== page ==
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Did the National Rifle Association Buy Congress?

It’s often said that the NRA’s political influence stems from outspending gun control supporters. That's a myth.

by
Howard Nemerov

Bio

February 5, 2011 - 12:00 am
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Since all the “gun violence” grantees are anti-rights, it appears that Joyce Foundation doesn’t defend your civil right of self-defense and discriminates against law-abiding gun owners. Instead, Joyce spends money on organizations attempting to influence legislation.

Joyce represents a dozen well-heeled directors with a direct connection to Obama, a former Joyce director.

“Joyce is all alone in fighting for gun control’

More importantly, Joyce isn’t the only anti-gun player, nor is it the wealthiest.

For example, billionaire George Soros’s Open Society Institute promotes firearms licensing and registration, two major goals of gun control advocates. Billionaire Michael Bloomberg, leader of Mayors Against Illegal Guns, used the Tucson tragedy to promote new limitations on firearm sales and to reduce ammunition magazine capacity.

An earlier report showed that in 2008, the law lobby — lawyers and law firms — contributed more to anti-gun politicians’ campaign funds. This correlation persisted in 2010, as noted in the graph below: The greater the portion of total contributions, the lower the NRA grade. (For statisticians, the Spearman’s value for all candidates is -0.80, and -0.90 for incumbents: lower NRA grades correlate strongly with law lobby money comprising a greater share of total campaign funding.)

In the current Congress, Democrats average an NRA grade of “D,” and the law lobby comprised 6.9% of their campaign funding; Republicans average an “A” and received 2.7% of their funding from lawyers.

The American Bar Association (ABA) recently recommended federal and state laws requiring microstamping, requiring a permanent database of all gun owners (licensing) and linking their firearms by serial number (registration). Since 1998, the ABA spent over $15.2M on lobbying.

Since 1990, the American Association for Justice — formerly called the Association of Trial Lawyers of America — invested $131.6M in political spending, more than the NRA (see Table 2).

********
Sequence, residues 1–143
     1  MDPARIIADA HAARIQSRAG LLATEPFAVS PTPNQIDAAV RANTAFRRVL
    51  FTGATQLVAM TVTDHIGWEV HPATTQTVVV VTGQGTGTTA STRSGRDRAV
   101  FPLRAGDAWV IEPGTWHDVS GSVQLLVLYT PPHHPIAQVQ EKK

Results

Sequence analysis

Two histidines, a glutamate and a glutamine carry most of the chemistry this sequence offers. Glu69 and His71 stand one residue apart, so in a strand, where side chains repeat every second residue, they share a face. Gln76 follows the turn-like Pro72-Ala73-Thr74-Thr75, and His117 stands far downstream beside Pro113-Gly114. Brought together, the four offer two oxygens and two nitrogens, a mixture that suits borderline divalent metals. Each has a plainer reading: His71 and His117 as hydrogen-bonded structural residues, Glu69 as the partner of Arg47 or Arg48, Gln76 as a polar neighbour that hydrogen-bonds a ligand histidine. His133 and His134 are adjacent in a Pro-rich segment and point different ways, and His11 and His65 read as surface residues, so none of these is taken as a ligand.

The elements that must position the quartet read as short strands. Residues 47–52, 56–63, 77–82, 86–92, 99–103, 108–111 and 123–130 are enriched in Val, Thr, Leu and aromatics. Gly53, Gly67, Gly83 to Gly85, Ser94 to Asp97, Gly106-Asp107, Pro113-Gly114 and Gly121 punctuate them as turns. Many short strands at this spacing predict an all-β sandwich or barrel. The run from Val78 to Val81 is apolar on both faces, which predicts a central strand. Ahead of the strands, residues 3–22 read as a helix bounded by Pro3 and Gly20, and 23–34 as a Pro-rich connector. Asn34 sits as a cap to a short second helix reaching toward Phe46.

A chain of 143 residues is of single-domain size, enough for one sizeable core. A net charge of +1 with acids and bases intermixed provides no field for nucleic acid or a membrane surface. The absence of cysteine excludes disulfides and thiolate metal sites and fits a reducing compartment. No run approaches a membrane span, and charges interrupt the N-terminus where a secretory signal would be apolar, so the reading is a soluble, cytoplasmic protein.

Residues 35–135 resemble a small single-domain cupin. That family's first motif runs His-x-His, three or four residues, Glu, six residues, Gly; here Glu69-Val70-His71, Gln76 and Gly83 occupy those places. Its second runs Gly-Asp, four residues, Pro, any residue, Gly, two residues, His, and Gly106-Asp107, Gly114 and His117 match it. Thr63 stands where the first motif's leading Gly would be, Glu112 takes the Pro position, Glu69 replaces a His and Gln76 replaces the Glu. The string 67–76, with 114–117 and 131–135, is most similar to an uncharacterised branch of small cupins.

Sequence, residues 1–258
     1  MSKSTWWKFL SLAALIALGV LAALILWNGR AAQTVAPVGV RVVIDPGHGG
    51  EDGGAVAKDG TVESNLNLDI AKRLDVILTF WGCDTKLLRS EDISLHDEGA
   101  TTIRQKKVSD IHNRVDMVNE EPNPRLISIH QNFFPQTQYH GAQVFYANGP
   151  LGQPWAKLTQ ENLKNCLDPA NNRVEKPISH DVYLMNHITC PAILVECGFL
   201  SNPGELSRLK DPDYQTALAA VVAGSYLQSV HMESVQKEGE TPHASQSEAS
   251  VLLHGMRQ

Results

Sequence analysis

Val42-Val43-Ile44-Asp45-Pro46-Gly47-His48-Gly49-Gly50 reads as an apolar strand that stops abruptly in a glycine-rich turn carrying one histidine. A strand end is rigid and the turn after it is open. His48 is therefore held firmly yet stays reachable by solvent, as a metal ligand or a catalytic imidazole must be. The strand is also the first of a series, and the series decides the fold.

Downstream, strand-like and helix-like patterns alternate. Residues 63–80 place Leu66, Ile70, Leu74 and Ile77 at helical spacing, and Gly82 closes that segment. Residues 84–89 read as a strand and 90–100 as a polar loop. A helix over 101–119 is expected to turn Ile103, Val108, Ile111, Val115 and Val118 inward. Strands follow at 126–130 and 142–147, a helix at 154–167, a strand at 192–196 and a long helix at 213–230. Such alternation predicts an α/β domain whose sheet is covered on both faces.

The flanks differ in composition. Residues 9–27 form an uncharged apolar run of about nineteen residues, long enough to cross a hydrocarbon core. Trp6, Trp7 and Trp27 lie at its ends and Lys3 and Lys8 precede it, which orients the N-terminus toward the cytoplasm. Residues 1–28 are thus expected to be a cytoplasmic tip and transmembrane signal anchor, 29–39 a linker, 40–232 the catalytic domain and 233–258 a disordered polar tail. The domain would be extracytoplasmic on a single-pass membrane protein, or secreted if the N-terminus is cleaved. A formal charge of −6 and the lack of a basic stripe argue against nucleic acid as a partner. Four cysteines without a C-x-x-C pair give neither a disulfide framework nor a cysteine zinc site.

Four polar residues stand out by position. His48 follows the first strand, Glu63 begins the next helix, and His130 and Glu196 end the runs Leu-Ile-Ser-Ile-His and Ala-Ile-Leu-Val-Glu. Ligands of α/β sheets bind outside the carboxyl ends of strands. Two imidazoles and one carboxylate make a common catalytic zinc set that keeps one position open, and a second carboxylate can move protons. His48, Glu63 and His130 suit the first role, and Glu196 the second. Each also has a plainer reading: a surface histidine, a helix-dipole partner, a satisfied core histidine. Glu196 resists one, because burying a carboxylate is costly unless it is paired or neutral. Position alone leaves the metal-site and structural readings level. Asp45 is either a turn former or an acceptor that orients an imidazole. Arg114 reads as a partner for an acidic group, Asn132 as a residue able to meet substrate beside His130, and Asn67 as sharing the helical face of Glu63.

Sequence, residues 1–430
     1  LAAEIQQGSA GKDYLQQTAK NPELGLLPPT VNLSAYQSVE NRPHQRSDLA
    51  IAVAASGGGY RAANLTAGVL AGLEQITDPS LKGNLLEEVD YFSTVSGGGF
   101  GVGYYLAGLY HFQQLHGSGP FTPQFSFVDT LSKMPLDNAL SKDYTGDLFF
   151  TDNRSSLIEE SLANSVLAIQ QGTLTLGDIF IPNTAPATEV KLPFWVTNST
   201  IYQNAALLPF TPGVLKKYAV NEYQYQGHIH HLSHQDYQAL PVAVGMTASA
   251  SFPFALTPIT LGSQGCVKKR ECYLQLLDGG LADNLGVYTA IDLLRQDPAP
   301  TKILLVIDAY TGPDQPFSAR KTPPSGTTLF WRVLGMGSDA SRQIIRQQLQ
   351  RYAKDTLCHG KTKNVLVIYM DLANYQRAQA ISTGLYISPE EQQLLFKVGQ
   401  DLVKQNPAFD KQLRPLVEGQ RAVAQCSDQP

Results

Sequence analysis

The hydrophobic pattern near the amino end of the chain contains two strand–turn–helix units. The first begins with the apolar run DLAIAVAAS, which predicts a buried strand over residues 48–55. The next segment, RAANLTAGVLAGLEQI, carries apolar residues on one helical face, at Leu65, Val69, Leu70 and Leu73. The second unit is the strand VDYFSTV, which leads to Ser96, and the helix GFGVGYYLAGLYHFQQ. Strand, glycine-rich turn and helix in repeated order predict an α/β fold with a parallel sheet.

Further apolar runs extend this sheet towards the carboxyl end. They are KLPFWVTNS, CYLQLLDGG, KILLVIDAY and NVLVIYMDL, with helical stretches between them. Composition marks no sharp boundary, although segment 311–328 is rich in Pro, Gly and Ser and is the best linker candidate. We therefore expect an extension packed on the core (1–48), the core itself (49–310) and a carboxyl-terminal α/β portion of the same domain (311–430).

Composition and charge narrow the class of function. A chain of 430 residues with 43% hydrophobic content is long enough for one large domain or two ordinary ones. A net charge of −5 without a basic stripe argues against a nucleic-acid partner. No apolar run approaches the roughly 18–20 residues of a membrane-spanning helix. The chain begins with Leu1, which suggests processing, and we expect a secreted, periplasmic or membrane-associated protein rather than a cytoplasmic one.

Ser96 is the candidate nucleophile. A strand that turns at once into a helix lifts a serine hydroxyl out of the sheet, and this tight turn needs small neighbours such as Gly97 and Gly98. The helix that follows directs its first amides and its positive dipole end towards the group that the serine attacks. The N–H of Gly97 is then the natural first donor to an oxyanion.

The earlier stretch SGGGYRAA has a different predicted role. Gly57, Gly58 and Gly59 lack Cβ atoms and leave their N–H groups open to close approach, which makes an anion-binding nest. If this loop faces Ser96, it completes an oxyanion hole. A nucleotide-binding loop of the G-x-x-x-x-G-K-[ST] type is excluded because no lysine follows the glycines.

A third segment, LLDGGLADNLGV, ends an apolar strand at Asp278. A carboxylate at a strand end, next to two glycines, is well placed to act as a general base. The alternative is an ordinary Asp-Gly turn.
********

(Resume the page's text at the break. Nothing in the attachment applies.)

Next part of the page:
An earlier report examined how the law firm of Skadden, Arps, Meagher and Flom, LLP has a financial stake in promoting gun control, noting its significant campaign finance “investment” in anti-rights candidates. Skadden was Obama’s 14th biggest contributor in 2008.

Table 2 below categorizes Skadden’s $11.2M in political spending. Though a relatively modest sum, it’s 62% more than the entire firearms industry. The “per member” amounts in Table 3 are more compelling: With “over 2,000 attorneys,” Skadden spent about $1,170 per lawyer during the 2008 election cycle, compared to the NRA’s $4.61.

Since 1990, lawyers contributed nearly $1.1 billion on federal campaigns alone. Plus, they spent hundreds of millions more on lobbying and PAC-funded campaign contributions.

Unlike NRA PAC spending in Table 2, which included expenses like postage and administrative salaries, the law lobby’s PAC money went to candidates’ campaign funds. For an apples-apples comparison, the NRA spent $8.5M of all PAC money on campaign contributions; law lobby PACs spent about nine times more. Overall, the law lobby spent about 10 times as much as the NRA and firearms industry together. According to Joyce’s criteria that more political spending equals more influence, the law lobby wins.

(ABA report on lawyer population.)

“The NRA outspends Joyce 100 to 1″

Joyce spent $54M on anti-gun research since 1993. During the same time period, the NRA’s total political spending was $128.1M, about 2.4 times Joyce’s “investment.” Perhaps this is why anti-rights groups are losing credibility: calling this ratio “roughly” equal to 100:1 is a mere 4167% margin of error.

Obviously, there are other industries and special interest groups that benefit from more or less gun control, which only serves to reinforce the fact that insinuating the NRA bought Congress by comparing it to the Joyce Foundation dangerously oversimplifies the issue.

All the wealthy and powerful special interests arrayed against the Second Amendment, when taken together, represent far fewer people — and far more money — than the NRA.

That’s anti-democratic.

* All data retrieved from Open Secrets and compiled into Excel workbook.

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Former civilian disarmament supporter and medical researcher Howard Nemerov investigates the civil liberty of self-defense and examines the issue of gun control, resulting in his book Four Hundred Years of Gun Control: Why Isn’t It Working? He appears frequently on NRA News as their “unofficial” analyst and was published in the Texas Review of Law and Politics with David Kopel and Carlisle Moody.
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